Pure Nature of Nepal
Live like a local in one of thirteen Nepal villages.
It’s very true when they say that you need to visit villages in order to see the true life of locals. With this in mind and couple of recommendation by Sohan Kumar Khatri, the manager at Connecting Int'l Tours and Travels, we hit the road to find a bus to Bakhtapur, one of the best-preserved medieval towns with the tallest temple in the whole country.
Before checking out of the hostel, co-resident Japanese guy gave us the ticket to enter the city, which should have been valid for a couple of days. We were very grateful, as we could have saved $15 per person for the entrance fee.
As the city lacks with signs, with asking around we somehow managed to find the bus stop. It was already on the move, so with our huge backpacks, we literally jumped into a driving minibus.
Local public transportation here works differently. Each vehicle has a "steward", who stands at the doorway with half of his body outside of the vehicle, shouts the destinations and if someone agrees, he bangs on the car letting the driver know to slow down for the passenger to jump into a moving minibus or a bus. He also is the one you pay to, not the driver.
As we drive, the minibus gets crowded and overcrowded in 10 minutes with no air to breathe. Approximately in an hour, we arrive in Bakhtapur where the "steward" rips us off and charges us double. Additionally, he wanted us to pay for our backpacks; we agreed to pay for Mariam's as it was taking up space in the front seat, but mine was moved to the boot. It the end we paid $1.5 instead of 50 US cents.
As all the hotels and guest houses are located in the city, I hand the ticket and money for the second ticket to the ticket officer. The man tells me that the ticket was valid for only one day. I try to explain that the guide says differently but he refuses to listen or let me speak. I get furious and ask for my money back. Paying $30 for a day trip just to enter the city is a bit much when you are a budget traveler, but that's fine, I should leave something out in order to come back.
We didn't let this accident ruin our mood and decided to visit nearby village - Changu Narayan, significant by the oldest temple in the country where Lord Vishnu resided.
Located at 1,541 meters above the sea level, it is one of the seven UNESCO's World Heritage sites in Nepal. The two storied roof temple has four entrances, each guarded by pairs of animals such as lions, elephants, sharabhas (a creature of Hindu Mythology which is the half lion and half bird) and griffins while ten incarnations of Lord Vishnu are curved in the struts which support the roof.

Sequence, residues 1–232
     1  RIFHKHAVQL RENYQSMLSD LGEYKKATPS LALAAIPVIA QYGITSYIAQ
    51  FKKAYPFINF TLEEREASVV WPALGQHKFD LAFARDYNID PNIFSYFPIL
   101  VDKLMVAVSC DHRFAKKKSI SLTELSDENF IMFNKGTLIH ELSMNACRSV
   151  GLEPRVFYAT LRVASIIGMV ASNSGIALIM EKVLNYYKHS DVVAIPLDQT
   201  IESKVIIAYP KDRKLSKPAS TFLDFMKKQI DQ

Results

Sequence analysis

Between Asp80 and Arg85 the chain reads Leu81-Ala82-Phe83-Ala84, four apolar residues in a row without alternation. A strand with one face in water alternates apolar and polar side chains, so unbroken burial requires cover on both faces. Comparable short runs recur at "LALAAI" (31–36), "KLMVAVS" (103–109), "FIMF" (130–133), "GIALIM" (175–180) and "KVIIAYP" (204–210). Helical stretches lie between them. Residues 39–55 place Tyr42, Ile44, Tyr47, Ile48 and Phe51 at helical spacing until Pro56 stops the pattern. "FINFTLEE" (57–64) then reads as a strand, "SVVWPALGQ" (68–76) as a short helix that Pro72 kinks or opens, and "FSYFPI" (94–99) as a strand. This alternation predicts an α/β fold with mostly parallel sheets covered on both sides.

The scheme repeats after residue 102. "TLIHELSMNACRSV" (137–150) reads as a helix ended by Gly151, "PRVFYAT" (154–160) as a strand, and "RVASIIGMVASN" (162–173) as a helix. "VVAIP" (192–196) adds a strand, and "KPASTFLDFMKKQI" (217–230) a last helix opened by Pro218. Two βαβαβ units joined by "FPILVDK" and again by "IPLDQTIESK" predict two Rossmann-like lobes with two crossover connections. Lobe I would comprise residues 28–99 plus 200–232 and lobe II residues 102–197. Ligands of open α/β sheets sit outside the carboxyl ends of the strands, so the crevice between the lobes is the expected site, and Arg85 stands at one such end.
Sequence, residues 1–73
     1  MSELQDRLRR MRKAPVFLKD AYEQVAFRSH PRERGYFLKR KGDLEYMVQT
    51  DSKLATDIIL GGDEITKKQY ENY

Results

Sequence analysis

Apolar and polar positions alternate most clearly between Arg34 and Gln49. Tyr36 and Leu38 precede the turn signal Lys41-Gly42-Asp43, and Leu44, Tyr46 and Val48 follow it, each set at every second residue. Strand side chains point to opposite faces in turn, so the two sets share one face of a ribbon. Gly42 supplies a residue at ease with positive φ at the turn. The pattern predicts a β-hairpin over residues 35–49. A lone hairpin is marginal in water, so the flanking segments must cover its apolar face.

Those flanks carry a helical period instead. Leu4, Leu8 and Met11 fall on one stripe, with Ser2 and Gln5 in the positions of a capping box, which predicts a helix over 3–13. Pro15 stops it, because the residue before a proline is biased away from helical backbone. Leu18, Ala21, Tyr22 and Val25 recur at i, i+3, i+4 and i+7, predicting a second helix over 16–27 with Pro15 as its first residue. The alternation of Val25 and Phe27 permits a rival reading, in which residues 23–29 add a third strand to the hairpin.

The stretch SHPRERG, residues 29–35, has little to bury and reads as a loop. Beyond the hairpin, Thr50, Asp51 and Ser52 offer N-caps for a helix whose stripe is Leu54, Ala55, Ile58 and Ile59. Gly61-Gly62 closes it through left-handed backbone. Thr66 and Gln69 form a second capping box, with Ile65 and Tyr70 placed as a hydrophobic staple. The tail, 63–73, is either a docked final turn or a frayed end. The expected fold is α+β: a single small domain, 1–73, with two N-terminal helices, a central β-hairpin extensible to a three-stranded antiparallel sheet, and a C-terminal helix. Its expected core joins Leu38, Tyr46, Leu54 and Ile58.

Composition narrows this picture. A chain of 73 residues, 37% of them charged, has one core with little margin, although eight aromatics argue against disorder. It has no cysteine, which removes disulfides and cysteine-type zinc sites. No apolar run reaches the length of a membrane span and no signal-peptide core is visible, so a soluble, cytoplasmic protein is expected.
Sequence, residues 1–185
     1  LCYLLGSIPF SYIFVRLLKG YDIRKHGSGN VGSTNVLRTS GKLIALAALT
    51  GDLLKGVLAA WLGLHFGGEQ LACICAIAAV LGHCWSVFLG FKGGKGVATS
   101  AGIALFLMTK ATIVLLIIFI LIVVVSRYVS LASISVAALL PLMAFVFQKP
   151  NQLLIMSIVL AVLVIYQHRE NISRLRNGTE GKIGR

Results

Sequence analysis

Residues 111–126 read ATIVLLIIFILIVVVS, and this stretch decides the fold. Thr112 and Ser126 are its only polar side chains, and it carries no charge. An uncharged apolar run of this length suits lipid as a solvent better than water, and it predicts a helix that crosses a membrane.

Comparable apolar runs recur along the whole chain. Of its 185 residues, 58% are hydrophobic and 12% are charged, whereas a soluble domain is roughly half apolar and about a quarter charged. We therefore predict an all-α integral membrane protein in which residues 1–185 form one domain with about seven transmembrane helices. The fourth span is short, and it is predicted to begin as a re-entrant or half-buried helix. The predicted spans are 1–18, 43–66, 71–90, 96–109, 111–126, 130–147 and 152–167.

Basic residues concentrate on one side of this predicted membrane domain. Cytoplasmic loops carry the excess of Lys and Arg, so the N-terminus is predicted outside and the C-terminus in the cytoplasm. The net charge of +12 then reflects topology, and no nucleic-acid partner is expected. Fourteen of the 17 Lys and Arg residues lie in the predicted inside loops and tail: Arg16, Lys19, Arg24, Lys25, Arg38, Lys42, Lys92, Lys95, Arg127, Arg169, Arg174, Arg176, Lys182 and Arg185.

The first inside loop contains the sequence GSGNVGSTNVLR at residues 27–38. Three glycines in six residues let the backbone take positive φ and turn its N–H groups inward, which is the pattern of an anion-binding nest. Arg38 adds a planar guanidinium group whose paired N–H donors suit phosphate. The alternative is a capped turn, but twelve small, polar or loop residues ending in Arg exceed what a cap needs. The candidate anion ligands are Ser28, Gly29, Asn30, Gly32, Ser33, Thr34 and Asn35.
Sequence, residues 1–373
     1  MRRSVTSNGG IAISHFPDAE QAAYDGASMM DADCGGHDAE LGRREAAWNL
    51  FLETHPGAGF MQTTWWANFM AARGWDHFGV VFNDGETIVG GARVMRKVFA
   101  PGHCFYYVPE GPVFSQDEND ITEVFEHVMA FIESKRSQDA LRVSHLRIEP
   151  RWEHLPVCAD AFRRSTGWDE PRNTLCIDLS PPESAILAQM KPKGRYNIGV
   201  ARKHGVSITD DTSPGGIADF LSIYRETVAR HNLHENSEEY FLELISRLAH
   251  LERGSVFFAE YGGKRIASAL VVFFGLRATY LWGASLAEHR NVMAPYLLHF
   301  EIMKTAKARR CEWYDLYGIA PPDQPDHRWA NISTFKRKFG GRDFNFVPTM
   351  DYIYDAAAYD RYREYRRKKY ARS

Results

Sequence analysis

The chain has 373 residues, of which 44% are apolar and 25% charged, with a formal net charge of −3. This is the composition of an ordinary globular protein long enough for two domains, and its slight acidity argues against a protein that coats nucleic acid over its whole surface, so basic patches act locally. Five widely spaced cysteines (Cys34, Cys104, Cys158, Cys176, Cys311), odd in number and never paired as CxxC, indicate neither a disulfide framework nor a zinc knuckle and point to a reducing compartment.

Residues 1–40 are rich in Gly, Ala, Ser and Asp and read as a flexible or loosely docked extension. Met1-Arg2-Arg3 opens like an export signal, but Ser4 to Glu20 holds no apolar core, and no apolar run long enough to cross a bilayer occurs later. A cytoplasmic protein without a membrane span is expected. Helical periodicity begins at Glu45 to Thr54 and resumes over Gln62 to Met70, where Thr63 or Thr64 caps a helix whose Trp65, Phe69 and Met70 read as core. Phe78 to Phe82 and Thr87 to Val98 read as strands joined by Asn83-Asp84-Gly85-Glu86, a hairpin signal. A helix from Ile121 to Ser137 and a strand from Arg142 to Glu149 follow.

The entrance to the village costs $1 and can be entered several times with the same ticket. The village seems like an 'open museum' with really nice people, typical Nepalese houses, simple way of life and peaceful atmosphere.
While talking with one of the locals, Krishna, who owns two souvenir shops here, I learned that Nepal is not an industrial country, and those few goods manufactured here are consumed by locals. Carpet, pashmina (fine cashmere wool made from a Pashmina goat, a special breed of goat residing at high altitudes of the India, Nepal and Pakistan) and handy crafts are the only things they export mainly to China, India and USA. The whole country pretty much leaves on tourism and agriculture. This is why most youngsters flee to Australia, Japan or USA, notes Krishna.
He also told us that Nepal, same as India, has a cast system. However, the rules are not as strict as it used to. A legislation reform of 1962, made it illegal to discriminate against other castes, making education free and open to all. Thus, as the representative of a higher caste he has to obey some social rules, for instance he cant drink alcohol in public places.
Even though their culture and traditions are very similar, Nepalese does not like when we underline the fact. The locals joke that Nepal stands for 'Never Ending Peace And Love', while their neighbor India for 'I Never Do It Again'.
After spending four days here, we became "locals"; we knew that every morning our neighbor would sit on the rooftop and paint the wooden masks that would be sold in a shop on the ground floor, that each evening ladies of the village would come to spring near our guest house and collect water for their families and each time we would pass near the gate, people would ask how was our day and where we will be going next. Even the ticket officer would not check our tickets at the entrance.
We even learned some Nepalese and now can order a meal and say 'thank you, it was delicious'.
Originally written by Baia Dzagnidze via www.redfedoradiary.com